Maine lumber dealers merge
Two pro dealers along the Eastern Coast of Maine are planning to combine operations and form a 10-unit LBM chain.
Viking Lumber, a five-location dealer based in Belfast, Maine, will combine with Rhoades Building Products, which also operates five locations in East-Central Maine, effective Jan. 1. The Rhoades units will be rebranded as Viking Lumber, but the company will be jointly owned by the Flanagan family, who own Viking Lumber, and Chris Rhoades, CEO of Rhoades Lumber.
The merger allows the new company, which will employ 200 workers, to expand its building materials products to customers in Hancock, Knox, Lincoln, Penobscot, Waldo and Washington counties.
Founded in 1944, Viking Lumber has five lumberyards in Belfast, Hancock, Lincolnville, Vinalhaven and Warren, as well as a stone division called Viking Hardscapes. Rhoades Building Products has expanded through acquisitions in 2004 and 2007, in addition to opening a window and door showroom in 2006. It now has locations in Blue Hill, Ellsworth, Holden, Machias and Milbridge.
October’s existing-home sales decline
Following two consecutive months of increases, existing-home sales declined in October to a seasonally adjusted annual rate of 4.43 million.
According to the National Association of Realtors (NAR), the 2.2% decline compared with September reflects an uneven recovery.
“A temporary foreclosure stoppage in some states is likely to have held back a number of completed sales,” according to Lawrence Yun, NAR chief economist. “Still, sales activity is clearly off the bottom and is attempting to settle into normal sustainable levels.”
Yun predicted the seasonally adjusted annual rate to pass 5 million by spring of next year.
Total housing inventory at the end of October fell 3.4% to 3.86 million existing homes available for sale, which represents a 10.5-month supply at the current sales pace, down from a 10.6-month supply in September, according to the NAR.
More evidence that the expiration of tax buyer incentives affected sales can be found in first-time buyer statistics. First-time buyers purchased 32% of homes in October, unchanged from September, but down from 50% a year ago during the initial surge for the first-time buyer tax credit.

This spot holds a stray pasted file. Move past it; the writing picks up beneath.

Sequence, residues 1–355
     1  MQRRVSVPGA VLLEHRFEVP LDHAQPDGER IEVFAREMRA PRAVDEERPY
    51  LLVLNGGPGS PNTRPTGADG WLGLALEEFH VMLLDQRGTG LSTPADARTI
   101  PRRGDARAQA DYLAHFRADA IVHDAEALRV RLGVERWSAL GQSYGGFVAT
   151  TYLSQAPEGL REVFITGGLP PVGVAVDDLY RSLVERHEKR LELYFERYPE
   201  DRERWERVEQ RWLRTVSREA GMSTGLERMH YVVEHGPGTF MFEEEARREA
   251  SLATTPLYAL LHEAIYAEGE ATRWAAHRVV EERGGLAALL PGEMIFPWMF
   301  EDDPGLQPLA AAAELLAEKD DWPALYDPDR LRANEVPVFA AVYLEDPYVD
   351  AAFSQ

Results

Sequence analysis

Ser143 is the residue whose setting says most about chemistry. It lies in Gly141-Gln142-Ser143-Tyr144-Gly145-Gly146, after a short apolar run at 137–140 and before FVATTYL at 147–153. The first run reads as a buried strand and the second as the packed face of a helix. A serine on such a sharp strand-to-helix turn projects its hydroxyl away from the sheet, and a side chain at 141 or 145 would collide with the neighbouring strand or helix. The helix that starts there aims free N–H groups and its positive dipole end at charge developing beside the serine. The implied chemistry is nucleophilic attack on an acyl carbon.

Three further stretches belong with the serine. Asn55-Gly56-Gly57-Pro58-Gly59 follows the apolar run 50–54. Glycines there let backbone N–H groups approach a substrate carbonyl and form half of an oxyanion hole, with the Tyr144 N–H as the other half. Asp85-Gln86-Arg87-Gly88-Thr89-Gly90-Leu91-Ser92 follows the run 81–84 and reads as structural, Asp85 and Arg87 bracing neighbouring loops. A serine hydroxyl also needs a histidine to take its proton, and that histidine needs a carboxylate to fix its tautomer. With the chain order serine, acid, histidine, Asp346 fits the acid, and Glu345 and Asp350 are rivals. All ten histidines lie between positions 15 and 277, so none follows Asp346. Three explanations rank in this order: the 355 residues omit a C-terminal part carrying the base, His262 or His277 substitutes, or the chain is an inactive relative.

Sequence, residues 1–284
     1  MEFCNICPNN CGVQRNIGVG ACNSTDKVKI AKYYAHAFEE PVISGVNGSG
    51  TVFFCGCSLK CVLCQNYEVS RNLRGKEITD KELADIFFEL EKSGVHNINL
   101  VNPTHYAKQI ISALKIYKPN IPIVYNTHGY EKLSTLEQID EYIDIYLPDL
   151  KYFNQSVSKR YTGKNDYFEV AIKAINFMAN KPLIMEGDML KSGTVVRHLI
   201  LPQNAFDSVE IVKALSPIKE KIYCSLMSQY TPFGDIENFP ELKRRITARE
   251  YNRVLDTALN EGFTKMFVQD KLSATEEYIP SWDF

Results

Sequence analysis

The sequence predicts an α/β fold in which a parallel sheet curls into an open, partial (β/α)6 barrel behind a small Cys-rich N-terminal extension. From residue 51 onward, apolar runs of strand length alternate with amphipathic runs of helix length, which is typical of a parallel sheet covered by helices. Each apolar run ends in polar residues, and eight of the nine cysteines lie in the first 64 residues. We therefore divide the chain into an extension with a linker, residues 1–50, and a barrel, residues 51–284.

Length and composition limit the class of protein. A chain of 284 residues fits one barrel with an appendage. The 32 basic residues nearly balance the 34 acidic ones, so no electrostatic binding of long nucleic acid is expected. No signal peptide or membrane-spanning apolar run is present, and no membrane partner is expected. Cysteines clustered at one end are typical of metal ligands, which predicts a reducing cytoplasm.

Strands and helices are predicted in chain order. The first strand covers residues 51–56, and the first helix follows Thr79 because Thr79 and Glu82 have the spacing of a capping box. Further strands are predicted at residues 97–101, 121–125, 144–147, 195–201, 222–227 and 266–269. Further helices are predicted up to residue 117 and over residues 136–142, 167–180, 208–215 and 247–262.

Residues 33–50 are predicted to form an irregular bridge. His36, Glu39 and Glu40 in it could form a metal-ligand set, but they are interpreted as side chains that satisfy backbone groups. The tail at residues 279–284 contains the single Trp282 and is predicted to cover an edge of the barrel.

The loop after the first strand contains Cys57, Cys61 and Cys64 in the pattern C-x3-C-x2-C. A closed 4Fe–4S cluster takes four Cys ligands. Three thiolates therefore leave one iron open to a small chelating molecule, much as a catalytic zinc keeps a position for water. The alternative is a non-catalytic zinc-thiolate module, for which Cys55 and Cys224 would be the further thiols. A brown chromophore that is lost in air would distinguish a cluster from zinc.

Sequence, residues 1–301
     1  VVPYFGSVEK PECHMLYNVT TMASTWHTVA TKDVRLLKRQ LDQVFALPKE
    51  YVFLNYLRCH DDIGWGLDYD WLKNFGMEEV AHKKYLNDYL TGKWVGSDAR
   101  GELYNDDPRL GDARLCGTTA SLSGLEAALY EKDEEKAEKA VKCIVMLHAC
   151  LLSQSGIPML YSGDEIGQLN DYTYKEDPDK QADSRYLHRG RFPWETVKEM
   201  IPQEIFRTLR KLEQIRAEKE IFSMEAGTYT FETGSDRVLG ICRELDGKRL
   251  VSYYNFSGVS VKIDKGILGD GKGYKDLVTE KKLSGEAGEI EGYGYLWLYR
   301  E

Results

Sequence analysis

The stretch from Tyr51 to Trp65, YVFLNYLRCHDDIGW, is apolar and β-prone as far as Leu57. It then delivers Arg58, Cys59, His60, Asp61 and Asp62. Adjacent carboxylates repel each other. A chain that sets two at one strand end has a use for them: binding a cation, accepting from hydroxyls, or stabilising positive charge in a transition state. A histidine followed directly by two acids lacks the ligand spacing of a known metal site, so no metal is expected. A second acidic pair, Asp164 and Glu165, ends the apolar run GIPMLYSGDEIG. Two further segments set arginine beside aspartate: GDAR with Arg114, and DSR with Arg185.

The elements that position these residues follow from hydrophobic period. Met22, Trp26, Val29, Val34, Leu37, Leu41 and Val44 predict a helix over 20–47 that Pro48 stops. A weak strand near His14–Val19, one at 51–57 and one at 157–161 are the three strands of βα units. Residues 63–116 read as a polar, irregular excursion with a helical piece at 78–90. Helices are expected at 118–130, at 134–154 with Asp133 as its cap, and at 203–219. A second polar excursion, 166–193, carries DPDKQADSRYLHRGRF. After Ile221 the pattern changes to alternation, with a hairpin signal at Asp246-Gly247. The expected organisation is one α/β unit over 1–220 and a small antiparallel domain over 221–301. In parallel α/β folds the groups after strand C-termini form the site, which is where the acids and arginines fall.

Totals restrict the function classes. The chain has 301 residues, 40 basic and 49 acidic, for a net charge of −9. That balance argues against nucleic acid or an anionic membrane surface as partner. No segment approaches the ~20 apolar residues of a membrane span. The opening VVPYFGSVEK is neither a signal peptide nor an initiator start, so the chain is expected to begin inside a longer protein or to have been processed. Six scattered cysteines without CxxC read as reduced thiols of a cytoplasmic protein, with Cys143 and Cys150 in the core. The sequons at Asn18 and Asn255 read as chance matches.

• Year to date there were 4.149 million existing-home sales, down 2.9% from last year at this time; • The national median price for an existing home was $170,500, down 0.9% from last year; and • Single-family home sales declined 2.0% to a rate of 3.89 million. October 2009 saw the rate at 5.23 million.
Home Depot points to next frontier of data
San Diego — Home Depot’s director of enterprise data warehouse pointed to big improvements in data integrity at the world’s largest home improvement retailer during the Teradata user conference in San Diego.
A12-year veteran of the company, Cynthia Czabala talked about some of the retailer’s failed attempts at standardizing item data before it ultimately succeeded. “We now have 99% of stock product attributes” for both HomeDepot.com and also the retailer’s physical stores, Czabala said. “We can now audit these attributes and hold [the vendors] accountable to the true facts of that data,” she said.
Home Depot is now attempting to perform the same kind of data cleansing for its customer database. One major accomplishment so far: integrating customer accounts into its data warehouse from all the different ways of collecting customer data: point of sale transactions, rentals, special orders, credit card applications and so on.
“For the first time, I can tell you how valuable you are to me based on how much business we’ve done,” Czabala said. Capturing — and understanding — customer sales transaction data is “the next frontier,” she said.
By analyzing these interactions, Home Depot can better target its marketing outreach and learn more about the needs of customer segments like pros, HD Direct and installed services. Just as the IT team must learn to work closely with merchandising and logistics, so it goes with marketing, which is moving away from mass advertising and its imprecise ROI.
“We want to increase marketing to smaller groups,” Czabala said.